How to Stay Safe in the Sun This Summer

Almost everyone enjoys being in the summer sun, and there are many reasons why we should all enjoy the great outdoors, especially in warm weather. Sunlight has many health benefits.

The sun’s rays help our bodies produce vitamin D, which helps develop and maintain bones and teeth. A number of studies have shown that many people have low vitamin D levels, which can lead to osteoporosis and other ailments. 

As well, there may be a link between sun exposure and your mood, thanks to the sun’s help with our bodies’ vitamin D production. Some research has shown that vitamin D might be involved in regulating mood, as a vitamin D deficiency is associated with a decreased mood.

While it’s fun to get out into the summer sun with family and friends, there are some precautions you should take.


How does the sun cause damage to the skin?

Ultraviolet (UV) radiation is a type of energy produced by the sun. UVA and UVB rays are the primary culprits responsible for skin damage: 

  1. UVA radiation causes immediate tanning and premature skin aging, and plays a role in the development of certain skin illnesses.
  2. UVB radiation is responsible for delayed tanning, sunburns and some skin-related illnesses

What time of day is most dangerous?

In Canada, UV radiation from the sun reaches its peak between 12:00 and 1 p.m. During this time, the sun’s rays have the least distance to travel through the atmosphere. 

The UV index, which was developed by Environment Canada, is a useful tool when it comes to sun protection and evaluating the danger of the sun’s rays. This index assigns a number that corresponds with the strength of the UV rays reaching the earth: the higher the number, the stronger the UV rays, and thus the greater the need to protect yourself during these key times.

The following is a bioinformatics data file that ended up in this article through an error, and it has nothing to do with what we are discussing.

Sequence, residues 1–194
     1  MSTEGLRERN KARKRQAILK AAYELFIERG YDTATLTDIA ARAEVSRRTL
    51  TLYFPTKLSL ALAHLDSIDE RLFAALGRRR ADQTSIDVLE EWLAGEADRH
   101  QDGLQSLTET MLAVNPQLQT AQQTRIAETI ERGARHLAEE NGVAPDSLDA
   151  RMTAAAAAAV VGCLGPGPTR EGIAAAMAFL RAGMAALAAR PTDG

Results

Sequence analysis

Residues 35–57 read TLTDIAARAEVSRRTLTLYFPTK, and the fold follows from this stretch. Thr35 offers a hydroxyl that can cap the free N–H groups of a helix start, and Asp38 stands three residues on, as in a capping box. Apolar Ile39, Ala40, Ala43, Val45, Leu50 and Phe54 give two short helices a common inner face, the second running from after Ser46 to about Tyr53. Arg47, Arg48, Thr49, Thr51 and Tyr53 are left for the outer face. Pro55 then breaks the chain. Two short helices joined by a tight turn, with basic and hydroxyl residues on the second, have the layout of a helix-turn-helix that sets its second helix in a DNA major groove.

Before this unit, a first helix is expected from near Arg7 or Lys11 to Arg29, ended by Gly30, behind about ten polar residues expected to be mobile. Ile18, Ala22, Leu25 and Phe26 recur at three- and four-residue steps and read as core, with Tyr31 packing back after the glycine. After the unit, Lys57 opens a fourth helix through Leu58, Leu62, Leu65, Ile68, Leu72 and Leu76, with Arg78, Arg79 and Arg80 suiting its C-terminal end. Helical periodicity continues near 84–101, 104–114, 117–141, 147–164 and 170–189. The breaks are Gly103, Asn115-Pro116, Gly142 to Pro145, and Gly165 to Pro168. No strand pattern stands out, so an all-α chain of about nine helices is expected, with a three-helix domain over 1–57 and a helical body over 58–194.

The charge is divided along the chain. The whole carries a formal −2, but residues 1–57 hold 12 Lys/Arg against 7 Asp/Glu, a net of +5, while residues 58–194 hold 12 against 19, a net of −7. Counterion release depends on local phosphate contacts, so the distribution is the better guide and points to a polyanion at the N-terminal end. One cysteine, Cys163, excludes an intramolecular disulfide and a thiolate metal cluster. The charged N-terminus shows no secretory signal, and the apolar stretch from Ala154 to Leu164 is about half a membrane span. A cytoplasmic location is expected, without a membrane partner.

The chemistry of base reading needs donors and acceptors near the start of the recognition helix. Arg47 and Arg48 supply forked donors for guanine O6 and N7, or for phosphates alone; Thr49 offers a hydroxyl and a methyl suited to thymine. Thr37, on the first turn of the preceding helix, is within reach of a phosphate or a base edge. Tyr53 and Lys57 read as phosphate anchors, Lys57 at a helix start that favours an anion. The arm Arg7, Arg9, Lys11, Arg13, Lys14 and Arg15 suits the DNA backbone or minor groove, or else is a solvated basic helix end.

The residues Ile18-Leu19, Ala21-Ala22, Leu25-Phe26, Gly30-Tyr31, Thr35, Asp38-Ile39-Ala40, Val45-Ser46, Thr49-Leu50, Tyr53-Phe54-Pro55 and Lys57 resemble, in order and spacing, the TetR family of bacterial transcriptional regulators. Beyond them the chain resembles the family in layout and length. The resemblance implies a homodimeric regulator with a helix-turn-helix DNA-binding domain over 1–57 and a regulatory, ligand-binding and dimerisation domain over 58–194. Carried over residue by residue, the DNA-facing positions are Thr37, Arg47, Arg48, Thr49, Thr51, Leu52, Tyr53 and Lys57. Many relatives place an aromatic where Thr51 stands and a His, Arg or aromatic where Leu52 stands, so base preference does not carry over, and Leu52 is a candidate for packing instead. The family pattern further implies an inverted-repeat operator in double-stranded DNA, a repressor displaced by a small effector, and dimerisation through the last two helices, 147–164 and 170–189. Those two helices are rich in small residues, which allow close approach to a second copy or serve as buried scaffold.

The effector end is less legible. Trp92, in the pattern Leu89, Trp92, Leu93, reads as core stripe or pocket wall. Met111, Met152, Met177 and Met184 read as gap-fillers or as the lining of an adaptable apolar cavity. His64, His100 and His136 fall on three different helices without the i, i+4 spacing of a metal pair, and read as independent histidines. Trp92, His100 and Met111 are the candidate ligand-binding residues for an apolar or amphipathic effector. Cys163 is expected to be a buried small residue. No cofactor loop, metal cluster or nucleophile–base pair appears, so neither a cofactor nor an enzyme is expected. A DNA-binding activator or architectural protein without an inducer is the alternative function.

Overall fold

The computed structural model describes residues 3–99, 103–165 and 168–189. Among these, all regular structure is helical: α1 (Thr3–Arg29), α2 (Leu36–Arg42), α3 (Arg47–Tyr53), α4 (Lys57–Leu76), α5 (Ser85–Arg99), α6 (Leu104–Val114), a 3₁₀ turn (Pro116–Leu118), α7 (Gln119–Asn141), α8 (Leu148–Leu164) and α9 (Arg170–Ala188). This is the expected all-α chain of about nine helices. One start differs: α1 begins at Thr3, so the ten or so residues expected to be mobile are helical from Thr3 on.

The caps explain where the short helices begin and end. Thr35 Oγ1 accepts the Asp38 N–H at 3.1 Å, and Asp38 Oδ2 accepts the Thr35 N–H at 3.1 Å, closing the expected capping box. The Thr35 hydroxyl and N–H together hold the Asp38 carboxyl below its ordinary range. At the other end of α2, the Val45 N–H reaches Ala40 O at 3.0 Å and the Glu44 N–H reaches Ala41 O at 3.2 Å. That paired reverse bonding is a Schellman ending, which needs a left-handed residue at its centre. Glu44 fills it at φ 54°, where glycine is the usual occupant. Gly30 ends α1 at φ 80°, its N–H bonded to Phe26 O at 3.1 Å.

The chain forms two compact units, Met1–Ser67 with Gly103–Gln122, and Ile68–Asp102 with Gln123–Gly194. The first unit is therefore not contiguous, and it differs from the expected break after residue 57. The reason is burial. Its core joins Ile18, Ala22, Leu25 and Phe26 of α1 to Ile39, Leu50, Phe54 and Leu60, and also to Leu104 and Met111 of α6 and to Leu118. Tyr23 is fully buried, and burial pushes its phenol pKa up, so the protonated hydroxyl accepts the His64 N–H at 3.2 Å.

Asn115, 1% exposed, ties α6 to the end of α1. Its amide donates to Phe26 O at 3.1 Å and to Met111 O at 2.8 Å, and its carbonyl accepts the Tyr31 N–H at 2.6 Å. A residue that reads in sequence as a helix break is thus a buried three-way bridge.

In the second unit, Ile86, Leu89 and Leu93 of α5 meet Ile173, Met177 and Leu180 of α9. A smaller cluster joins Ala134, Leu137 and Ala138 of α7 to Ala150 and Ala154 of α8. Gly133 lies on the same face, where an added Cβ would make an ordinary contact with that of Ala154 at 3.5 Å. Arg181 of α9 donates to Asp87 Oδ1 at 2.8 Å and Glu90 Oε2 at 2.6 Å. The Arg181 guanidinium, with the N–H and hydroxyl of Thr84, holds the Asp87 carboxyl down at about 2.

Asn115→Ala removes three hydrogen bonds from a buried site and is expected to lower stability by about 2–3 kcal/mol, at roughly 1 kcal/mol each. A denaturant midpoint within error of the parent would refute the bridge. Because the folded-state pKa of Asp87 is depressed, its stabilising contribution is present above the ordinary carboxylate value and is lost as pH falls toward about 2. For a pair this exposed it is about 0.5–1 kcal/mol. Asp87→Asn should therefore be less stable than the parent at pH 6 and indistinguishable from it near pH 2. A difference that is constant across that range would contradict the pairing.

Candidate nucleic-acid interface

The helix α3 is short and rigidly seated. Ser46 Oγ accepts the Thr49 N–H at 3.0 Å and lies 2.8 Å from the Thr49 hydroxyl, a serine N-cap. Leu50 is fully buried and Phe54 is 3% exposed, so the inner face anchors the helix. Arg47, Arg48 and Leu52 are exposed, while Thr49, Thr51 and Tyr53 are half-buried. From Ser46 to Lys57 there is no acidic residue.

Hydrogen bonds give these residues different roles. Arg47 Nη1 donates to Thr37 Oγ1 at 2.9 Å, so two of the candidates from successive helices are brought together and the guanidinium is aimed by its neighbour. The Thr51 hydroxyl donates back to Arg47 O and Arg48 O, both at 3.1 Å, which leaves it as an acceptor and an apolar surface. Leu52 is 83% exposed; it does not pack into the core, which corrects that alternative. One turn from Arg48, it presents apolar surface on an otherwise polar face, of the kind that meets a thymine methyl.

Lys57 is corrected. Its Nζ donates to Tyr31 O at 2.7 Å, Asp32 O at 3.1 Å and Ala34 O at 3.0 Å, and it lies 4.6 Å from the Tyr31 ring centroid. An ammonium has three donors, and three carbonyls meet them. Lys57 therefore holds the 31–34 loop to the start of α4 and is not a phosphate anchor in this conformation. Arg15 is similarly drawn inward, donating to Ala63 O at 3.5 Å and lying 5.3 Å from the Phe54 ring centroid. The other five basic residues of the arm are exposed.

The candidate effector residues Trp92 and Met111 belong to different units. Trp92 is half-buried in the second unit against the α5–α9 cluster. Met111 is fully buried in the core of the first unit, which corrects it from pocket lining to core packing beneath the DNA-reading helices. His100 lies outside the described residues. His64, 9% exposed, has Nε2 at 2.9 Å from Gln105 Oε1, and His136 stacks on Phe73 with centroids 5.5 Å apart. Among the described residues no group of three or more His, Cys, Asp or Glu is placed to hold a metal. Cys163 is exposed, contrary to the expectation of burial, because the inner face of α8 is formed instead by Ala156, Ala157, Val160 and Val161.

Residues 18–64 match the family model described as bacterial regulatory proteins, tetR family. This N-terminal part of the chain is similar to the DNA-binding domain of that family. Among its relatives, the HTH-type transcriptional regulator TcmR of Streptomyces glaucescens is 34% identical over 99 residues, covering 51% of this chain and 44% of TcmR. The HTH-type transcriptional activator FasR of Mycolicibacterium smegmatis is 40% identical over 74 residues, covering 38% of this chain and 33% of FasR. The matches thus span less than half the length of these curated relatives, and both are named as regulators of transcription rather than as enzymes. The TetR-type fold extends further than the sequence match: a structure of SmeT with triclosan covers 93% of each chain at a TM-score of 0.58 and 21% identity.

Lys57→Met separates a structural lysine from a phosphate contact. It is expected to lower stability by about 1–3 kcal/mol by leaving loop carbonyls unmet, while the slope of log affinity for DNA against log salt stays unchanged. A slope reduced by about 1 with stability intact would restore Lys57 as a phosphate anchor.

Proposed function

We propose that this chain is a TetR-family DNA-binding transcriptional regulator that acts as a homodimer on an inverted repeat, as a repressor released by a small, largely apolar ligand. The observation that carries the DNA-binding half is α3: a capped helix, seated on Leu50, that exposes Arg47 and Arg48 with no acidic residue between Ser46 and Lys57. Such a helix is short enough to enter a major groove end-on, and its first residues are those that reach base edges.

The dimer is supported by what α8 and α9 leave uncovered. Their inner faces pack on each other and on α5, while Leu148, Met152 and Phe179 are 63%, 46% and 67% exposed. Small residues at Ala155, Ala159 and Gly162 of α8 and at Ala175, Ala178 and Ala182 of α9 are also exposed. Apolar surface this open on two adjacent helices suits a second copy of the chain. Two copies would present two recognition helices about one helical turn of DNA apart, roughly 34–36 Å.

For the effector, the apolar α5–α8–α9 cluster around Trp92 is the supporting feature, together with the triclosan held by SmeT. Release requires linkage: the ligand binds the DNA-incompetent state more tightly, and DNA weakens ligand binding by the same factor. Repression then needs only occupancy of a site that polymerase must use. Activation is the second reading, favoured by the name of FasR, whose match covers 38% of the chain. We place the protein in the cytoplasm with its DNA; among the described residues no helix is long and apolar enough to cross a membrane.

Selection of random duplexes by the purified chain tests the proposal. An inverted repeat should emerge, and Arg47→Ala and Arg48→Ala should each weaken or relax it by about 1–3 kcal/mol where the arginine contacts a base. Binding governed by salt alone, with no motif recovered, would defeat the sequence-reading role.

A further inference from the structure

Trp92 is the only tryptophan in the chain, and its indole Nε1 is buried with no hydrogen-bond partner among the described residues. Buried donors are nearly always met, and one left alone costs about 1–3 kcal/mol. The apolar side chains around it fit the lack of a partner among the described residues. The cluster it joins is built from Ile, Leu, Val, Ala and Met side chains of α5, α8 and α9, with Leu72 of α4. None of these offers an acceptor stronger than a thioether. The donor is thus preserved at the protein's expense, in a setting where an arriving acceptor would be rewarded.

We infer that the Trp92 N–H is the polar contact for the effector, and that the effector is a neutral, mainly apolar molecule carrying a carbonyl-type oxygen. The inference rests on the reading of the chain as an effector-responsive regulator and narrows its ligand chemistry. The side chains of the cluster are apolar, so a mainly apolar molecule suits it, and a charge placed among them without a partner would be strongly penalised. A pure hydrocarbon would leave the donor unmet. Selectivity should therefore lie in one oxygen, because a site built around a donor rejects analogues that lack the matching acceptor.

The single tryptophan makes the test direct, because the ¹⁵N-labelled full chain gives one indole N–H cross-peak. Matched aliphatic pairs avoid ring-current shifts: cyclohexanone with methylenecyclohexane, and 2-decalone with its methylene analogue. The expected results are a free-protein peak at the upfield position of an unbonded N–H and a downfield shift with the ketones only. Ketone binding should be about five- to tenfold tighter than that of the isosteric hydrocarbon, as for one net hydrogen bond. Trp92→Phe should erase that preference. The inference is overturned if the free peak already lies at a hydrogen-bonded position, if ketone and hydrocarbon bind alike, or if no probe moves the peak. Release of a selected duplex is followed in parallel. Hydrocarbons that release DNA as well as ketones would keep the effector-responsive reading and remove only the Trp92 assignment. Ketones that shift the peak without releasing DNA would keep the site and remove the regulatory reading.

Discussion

A UV index between zero and five means that you should apply sunscreen and wear sunglasses if you’ll be outside for more than 30 minutes. A UV index of six to 10 means that additional sun protection is required: stay in the shade when possible, and wear both sunglasses and a hat . The UV index in Canada is generally three or higher between 11:00 a.m. and 3:00 p.m. 


Sunscreen 101: what you need to know. Why use sunscreen?

Ideally, you should apply sunscreen whenever you’ll be outside. The sun emits harmful UV rays year-round, whether it’s sunny or not. In fact, even on cloudy days, up to 80 per cent of the sun’s harmful UV rays reach the earth and can penetrate your skin. Sunscreen protects people from the sun’s UV rays in two different ways: some work by scattering the light and reflecting it away from your body, while others absorb the UV rays before they reach your skin. Whichever choice you make, look for the phrases “broad spectrum” or “multi-spectrum” on the label. This means that the sunscreen wards off both UVA and UVB rays.

What about sun protection factor?

Sun protection factor (SPF) is also important when choosing a sunscreen. The SPF is a rating of how effective a sunscreen is in preventing sunburn caused by UVB rays. For example, if your skin would normally start to burn within 10 minutes of sun exposure, SPF 15 multiplies that by a factor of 15, meaning you could go 150 minutes before burning (10 minutes x SPF 15 = 150 minutes).  The Canadian Dermatology Association recommends that people should use a sunscreen with an SPF of at least 30.